“We’ve got Payet, Dimitri Payet, I just don’t think you understand….,” is a refrain that won’t ever be heard in or around the London Stadium again.

As Upton Park is turned to dust, so are the dreams of thousands of West Ham supporters who had religiously deified their French demi-god but now see him as nothing more than the devil incarnate.

At just £11m, Payet was signed by the Hammers from Marseille. A player of such obvious talent but one who no one else had wanted – it was too good to be true wasn’t it?

Clearly the east Londoners hadn’t done full due diligence on the then 28-year-old because if they had, it was clear that Payet had a history of disciplinary issues.

His motivation in training was questioned at the best of times, Marcelo Bielsa even dropping him as recently as six months before his move to West Ham because of the same. At St. Etienne in 2011, he refused to train because he wanted a move to PSG which, ultimately, didn’t happen. Slaven Bilic and Co. therefore can’t argue that they didn’t see their current situation coming but by going on strike and refusing to play, Payet has taken things up another level.

A survey carried out since the Frenchman’s stance has come to light has seen 89% of Hammers fans wanting him out immediately. The same fans that were marvelling at his every move just a few weeks ago, in the way they had for Paolo Di Canio a decade before or Sir Trevor Brooking some years back.

Ah yes, Brooking…the ultimate one-club man. The Ryan Giggs of his day. Both players of substance and of loyalty. Ditto Tony Adams, Francesco Totti, John Terry. Say what you like about the Chelsea captain’s temperament and character but you can’t deny the ‘Mr Chelsea’ moniker is well deserved. Someone that you shake hands with and you know the job’s a good ‘un.

Some might suggest that sticking with one club or at least showing loyalty over the period of time to your employer is a weakness. That the club have you exactly where they want you, leaving agents no room for negotiation.

But Payet had pocketed a £1m loyalty bonus (!!) just three weeks before downing tools and telling West Ham that he was unsettled and wished for a return to Marseille.

A wholly predictable scenario was then played out for all to see. “He’s not for sale at any price,” “We can’t afford to sell our best players,” “He won’t train,” “He’s a toxic presence at the training ground.” It’s a dance that every club does in order to assuage the supporters that they’re doing everything in their power to keep hold of a player when the truth is far from that. The reality is that it’s a neat PR ploy to get to the point – as West Ham have now – when public opinion swerves wildly and leaves the club ‘in the clear.’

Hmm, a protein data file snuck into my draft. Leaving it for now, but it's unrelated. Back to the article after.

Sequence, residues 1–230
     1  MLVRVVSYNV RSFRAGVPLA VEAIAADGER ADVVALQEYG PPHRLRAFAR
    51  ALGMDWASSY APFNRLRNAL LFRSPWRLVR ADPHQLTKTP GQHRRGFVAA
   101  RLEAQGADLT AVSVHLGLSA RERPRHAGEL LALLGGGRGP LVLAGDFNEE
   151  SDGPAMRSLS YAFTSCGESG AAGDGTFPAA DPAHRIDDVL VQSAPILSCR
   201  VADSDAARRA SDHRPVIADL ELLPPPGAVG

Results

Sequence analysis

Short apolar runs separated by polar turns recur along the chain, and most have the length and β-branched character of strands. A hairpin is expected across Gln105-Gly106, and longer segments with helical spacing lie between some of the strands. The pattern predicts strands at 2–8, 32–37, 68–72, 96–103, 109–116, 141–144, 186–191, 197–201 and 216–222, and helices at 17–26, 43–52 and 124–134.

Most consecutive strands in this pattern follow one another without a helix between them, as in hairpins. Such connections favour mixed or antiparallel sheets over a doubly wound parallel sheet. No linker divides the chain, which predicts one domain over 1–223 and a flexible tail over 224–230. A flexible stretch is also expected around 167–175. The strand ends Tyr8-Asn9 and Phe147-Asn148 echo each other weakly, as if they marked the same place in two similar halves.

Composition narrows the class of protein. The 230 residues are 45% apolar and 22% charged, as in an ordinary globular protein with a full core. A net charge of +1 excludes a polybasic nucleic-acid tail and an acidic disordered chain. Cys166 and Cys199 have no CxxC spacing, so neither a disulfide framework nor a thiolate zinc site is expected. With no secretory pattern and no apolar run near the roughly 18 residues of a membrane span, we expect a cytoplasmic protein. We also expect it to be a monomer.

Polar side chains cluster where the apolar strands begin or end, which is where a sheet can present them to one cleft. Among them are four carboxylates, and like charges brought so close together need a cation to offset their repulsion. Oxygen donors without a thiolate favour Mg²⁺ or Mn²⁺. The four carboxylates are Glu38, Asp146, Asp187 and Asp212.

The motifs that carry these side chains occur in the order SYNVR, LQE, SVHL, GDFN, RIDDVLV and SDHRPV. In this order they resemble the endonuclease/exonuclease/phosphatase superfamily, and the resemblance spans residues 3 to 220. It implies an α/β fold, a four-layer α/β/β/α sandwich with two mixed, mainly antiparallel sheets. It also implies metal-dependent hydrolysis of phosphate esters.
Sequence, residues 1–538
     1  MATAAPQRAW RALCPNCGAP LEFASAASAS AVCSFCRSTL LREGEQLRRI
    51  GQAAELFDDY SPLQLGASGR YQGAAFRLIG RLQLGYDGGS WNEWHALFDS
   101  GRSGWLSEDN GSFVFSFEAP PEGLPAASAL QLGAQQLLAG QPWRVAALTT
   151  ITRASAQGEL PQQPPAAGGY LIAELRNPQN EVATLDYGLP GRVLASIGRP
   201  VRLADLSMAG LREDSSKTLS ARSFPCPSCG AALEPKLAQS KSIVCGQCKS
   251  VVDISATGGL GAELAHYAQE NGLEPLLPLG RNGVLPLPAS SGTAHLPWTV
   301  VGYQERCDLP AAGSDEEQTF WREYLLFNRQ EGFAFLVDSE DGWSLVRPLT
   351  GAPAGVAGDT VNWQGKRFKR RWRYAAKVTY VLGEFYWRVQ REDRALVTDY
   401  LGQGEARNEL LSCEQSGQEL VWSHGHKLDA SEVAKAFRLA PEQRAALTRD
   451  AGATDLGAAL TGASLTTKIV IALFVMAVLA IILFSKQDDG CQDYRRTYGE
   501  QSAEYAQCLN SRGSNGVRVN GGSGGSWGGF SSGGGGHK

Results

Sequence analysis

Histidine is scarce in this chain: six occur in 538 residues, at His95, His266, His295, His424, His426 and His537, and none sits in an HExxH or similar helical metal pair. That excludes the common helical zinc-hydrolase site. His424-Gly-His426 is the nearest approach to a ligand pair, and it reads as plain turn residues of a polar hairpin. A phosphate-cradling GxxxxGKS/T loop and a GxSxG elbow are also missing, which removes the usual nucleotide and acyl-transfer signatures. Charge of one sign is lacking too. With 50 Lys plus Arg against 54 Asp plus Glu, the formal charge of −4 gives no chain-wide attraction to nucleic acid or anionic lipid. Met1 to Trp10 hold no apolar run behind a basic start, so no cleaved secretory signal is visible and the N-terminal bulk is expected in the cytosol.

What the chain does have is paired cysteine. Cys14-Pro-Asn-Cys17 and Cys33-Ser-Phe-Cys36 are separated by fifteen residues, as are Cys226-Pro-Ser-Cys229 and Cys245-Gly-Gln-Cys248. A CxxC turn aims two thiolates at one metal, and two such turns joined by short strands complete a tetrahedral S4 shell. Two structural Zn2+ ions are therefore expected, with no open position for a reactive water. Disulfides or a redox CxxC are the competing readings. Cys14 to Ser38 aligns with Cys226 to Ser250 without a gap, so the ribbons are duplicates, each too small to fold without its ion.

Payet will now be sold and probably at less than market value but the masses won’t care. Had they got rid six months ago after an excellent Euro 2016 for the player, there’s every reason to think that the Hammers might’ve got somewhere close to double what they will at this juncture. The difference being that back then, the weight of public moaning and opinion that West Ham continue to be a ‘selling club’ would’ve overshadowed their move to the London Stadium.

That Payet is even allowed to get away with such action in this day and age is quite remarkable and, frankly, entirely disrespectful not just to his employers but also to all of those thousands who pay their hard earned cash every fortnight to worship the ground he walks on. What it shows us is that player power is still very much in vogue and there’s little that club’s or managers can do.

When the Frenchman pitched up in East London he wasn’t quite an unknown, but he was certainly a 28-year-old whose career was heading in a downward spiral rather than an ascent. West Ham gave him what’s turned out to be nothing more than a launch pad for furthering his career elsewhere and a contract essentially worth nothing.

Players aren’t being held to account by the Premier League either which would make them think twice before attempting to hold everyone to ransom with such behaviour. It’s about time the EPL, the Football League and the Football Association et al started standing shoulder to shoulder with their member clubs and put a stop to this circus.

With Chinese money being thrown around like confetti it’s surely only a matter of time before other players dig their heels in Payet-style.

Unimaginable riches await them but what price loyalty?

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